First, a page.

Children who remove their shoes in the classroom are likely to get better grades and be more well-behaved, new research has shown.
The study, which was conducted by researchers at Bournemouth University, examined tens of thousands of children in over 100 schools in around 25 countries over the last ten years. The researchers visited schools across London, Scandinavia, New Zealand and Australia, and established that countries where children are shoeless see improved academic standards and behaviour.
In light of these results, experts are now calling on teachers across the UK to implement similar no-shoe policies, in order to "give children the best possible chance of performing in their exams".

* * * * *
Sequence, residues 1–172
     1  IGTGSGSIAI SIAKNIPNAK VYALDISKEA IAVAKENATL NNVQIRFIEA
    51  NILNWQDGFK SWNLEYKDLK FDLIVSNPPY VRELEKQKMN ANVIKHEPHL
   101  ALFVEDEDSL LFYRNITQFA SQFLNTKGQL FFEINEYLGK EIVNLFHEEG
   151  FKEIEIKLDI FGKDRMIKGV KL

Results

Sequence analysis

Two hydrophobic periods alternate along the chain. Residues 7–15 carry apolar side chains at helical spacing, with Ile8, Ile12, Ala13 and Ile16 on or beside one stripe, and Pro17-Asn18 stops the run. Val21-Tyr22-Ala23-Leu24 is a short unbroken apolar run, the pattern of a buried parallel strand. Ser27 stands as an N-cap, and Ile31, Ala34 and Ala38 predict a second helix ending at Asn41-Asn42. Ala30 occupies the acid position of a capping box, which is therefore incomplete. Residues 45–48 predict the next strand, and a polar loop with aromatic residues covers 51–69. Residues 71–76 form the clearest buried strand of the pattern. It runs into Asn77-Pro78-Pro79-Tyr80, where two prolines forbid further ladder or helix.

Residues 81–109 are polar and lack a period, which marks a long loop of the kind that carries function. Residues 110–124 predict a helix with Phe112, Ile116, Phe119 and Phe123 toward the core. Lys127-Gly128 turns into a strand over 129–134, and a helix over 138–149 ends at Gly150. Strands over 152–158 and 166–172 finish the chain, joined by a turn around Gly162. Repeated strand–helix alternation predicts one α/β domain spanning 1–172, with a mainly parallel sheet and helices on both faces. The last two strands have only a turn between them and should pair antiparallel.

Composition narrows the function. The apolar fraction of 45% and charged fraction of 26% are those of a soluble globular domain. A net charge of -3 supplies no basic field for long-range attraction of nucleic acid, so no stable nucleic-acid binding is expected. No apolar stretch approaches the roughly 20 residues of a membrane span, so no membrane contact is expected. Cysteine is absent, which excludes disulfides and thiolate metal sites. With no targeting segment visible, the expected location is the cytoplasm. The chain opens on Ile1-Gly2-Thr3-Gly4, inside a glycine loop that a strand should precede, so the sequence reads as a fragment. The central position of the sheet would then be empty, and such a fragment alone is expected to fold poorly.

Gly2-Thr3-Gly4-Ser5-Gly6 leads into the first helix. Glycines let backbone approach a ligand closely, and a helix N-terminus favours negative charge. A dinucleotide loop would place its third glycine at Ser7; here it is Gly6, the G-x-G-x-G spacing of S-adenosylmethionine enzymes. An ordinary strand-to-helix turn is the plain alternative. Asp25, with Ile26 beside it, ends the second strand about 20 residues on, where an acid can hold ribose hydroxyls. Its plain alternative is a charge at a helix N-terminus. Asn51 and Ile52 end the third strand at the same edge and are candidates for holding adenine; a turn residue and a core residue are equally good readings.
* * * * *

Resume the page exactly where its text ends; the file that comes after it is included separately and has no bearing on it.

Stephen Heppell, lead researcher and Professor at the Centre for Excellence in Media Practice at Bournemouth University, said: "Children are much more willing to sit on the floor and relax if they have no shoes on."
By sitting on the floor, the researchers state that children "feel at home" and are therefore more relaxed when learning.
The success of this has also been particularly pertinent among boys, with Mr Heppel stating that "having conditions in the classroom that are like those at home means that more boys are reading in the classroom".